Computer Graphics World

Edition 2 2020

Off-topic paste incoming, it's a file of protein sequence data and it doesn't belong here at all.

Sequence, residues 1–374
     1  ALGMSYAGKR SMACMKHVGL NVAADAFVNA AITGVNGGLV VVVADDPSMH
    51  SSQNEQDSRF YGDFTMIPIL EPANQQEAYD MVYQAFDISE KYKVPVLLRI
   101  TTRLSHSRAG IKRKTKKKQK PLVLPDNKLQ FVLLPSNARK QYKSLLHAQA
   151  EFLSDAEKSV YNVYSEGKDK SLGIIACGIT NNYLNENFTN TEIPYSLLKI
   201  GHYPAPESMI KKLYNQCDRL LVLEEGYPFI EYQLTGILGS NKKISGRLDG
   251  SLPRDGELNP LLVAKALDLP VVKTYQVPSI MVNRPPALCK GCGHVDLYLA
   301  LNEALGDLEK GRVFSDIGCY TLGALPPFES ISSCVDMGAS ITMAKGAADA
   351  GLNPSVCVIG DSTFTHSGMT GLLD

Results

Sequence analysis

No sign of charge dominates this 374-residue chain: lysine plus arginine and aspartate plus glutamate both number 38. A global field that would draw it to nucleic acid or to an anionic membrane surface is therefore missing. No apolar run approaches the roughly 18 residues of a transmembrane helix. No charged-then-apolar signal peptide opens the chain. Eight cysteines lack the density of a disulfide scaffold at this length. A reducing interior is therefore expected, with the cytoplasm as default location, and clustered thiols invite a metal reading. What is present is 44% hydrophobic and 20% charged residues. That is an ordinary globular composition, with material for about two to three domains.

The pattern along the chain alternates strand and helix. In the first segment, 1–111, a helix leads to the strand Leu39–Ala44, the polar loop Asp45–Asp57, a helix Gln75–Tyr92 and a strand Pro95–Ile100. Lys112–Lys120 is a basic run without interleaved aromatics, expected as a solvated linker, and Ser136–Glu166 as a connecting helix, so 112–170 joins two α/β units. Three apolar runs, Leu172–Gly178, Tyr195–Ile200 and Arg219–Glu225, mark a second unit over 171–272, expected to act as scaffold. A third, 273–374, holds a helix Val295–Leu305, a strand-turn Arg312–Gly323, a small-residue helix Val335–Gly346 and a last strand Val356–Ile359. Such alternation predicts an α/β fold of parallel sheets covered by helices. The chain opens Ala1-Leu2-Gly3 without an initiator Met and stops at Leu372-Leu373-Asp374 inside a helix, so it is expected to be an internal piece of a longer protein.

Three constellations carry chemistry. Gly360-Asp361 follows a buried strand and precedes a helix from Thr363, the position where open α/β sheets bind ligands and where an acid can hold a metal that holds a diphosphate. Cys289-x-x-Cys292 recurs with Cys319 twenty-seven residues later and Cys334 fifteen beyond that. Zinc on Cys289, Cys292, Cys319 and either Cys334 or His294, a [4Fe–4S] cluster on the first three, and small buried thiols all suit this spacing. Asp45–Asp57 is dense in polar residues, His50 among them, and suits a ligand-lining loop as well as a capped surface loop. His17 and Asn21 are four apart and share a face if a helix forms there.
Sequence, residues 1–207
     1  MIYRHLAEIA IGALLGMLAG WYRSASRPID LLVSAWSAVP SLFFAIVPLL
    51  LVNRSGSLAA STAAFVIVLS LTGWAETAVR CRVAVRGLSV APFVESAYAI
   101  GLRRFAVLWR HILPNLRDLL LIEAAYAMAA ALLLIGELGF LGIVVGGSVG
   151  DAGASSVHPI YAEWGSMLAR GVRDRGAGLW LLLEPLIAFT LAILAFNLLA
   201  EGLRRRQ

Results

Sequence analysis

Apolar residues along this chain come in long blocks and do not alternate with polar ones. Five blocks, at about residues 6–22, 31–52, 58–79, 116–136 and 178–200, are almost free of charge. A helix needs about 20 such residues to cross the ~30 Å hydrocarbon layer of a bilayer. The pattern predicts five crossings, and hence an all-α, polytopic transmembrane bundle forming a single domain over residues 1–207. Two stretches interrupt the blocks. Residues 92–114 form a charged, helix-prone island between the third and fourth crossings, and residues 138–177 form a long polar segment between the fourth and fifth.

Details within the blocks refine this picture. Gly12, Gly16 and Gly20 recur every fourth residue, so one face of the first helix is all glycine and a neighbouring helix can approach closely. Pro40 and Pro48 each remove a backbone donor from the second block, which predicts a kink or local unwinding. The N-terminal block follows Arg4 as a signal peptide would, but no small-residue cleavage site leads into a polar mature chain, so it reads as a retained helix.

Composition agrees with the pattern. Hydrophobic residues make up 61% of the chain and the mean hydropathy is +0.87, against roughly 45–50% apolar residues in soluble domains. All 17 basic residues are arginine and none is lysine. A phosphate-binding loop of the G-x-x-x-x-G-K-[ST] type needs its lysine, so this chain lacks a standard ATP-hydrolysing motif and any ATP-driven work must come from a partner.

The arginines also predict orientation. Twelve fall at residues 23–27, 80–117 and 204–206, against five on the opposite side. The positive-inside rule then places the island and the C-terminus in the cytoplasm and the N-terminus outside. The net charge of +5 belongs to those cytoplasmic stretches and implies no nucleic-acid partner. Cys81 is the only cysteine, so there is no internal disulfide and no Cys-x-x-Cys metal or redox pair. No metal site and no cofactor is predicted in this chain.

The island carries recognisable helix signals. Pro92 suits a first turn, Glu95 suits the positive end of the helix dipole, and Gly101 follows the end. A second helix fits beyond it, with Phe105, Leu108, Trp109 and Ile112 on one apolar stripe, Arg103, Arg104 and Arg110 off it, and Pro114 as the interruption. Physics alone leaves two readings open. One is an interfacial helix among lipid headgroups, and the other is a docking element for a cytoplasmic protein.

Issue link:

Contents of this Issue


Page 18 of 67